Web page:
I doubt there was a digital Harrison that far back. Harrison was building a digitally controlled analog console, it might have been called the Harrison Live. They built the ShowCo ShowConsole, which was also digitally controlled analog.

Mac
Title: Re: What was the first live digital console?
Post by: Art Welter on January 28, 2013, 04:10:33 pm
And the first digital recording was Flim and the BB's song Tricycle

http://en.wikipedia.org/wiki/Flim_%26_the_BB%27s

1977, Yanni went from the Flomer brothers band Archangel, (formerly US Pipe), to Chameleon.
Around 1980 Yanni recorded his first album at Sound 80 and Cookhouse, by that time I think a Sony PCM-3324 had already replaced the 3M prototype digital recorder used by Flim and the BB's.
Yanni managed to wrangle one of the early PCM-3324 from Sony for recording in his home studio.
Most of us in the industry at that time in Minneapolis were making (well) under $15,000 a year, to see one of our guys get a recorder that cost over 10 times that was amazing.

I remember Rob Colby showing me the Yamaha DMP7 used for keys around 1987 at Prince's Paisley Park soundstage.
First time I'd ever seen faders move by themselves while sober…

Art
Title: Re: What was the first live digital console?
Post by: g'bye, Dick Rees on January 28, 2013, 04:34:57 pm


First time I'd ever seen faders move by themselves while sober…

Art
\

Doggone drunken faders, anyhow......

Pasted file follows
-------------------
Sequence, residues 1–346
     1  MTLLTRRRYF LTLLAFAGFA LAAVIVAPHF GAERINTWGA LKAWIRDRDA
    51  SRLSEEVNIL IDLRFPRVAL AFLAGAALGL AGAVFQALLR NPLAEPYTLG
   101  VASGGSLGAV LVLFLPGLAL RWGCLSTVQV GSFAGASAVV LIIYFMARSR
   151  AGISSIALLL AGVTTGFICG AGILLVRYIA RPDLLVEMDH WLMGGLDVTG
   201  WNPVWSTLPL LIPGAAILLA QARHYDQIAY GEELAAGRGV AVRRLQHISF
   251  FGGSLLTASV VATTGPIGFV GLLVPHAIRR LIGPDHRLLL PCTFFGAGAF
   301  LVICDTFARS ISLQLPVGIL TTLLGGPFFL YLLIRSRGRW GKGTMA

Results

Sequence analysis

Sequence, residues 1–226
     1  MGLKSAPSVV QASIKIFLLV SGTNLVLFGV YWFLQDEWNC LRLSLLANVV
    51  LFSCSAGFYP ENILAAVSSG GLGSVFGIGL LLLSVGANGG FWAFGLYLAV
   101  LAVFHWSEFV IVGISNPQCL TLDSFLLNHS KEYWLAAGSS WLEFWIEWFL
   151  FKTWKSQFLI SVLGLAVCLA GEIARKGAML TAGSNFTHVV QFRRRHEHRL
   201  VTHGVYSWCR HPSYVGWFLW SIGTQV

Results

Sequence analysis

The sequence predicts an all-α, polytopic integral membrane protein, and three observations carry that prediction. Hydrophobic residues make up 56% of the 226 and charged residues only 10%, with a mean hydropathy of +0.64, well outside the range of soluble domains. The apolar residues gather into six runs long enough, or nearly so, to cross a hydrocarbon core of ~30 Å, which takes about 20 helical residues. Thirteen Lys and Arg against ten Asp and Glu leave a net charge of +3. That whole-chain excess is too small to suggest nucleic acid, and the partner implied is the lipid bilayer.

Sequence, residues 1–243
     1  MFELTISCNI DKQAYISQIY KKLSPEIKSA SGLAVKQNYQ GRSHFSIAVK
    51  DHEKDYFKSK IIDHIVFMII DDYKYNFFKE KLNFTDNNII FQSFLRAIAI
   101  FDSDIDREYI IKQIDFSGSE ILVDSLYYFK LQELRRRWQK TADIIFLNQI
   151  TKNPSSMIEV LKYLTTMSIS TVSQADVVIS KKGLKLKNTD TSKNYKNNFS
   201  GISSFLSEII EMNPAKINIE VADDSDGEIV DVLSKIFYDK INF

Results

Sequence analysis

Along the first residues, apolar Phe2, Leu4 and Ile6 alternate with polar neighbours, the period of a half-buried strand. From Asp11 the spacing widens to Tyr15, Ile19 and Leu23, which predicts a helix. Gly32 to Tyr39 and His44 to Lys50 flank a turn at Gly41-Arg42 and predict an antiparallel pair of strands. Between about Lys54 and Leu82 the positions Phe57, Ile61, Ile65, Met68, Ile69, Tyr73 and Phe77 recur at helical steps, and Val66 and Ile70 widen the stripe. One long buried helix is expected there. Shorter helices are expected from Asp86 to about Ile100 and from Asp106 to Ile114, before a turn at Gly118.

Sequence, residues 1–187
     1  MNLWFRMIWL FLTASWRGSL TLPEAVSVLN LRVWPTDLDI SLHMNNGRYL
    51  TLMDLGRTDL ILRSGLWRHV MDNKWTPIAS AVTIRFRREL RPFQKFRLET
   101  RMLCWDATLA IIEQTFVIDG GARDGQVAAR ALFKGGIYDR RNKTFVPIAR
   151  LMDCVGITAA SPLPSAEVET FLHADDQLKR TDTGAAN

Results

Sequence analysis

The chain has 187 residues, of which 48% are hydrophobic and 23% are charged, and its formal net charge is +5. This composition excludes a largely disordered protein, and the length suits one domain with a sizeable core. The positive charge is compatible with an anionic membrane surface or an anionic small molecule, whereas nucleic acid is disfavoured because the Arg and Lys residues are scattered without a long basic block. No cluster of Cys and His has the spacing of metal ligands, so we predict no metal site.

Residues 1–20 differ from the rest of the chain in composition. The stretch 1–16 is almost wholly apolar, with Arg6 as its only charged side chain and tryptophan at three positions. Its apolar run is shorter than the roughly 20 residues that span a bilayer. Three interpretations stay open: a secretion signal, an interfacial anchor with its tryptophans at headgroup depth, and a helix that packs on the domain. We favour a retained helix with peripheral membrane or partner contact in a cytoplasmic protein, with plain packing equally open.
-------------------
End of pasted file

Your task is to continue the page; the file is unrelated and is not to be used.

Title: Re: What was the first live digital console?
Post by: kristianjohnsen on January 28, 2013, 06:31:36 pm
I doubt there was a digital Harrison that far back. Harrison was building a digitally controlled analog console, it might have been called the Harrison Live. They built the ShowCo ShowConsole, which was also digitally controlled analog.

Mac

Is it just me or does the ShowCo ShowConsole surface look a lot like the CS1D?
Title: Re: What was the first live digital console?
Post by: Art Welter on January 29, 2013, 11:25:08 am
Is it just me or does the ShowCo ShowConsole surface look a lot like the CS1D?
The format for almost all large consoles followed the analog equivalent for a while regardless of what was "under the hood".
The CS1D was a departure from the PM 2000 (and Midas desks of the era) right hand sub master layout to the more ergonomic, generally preferred center master section.
Yamaha was quite interested in the USA market, and followed many leads, bringing to large scale production what was only a cottage industry here.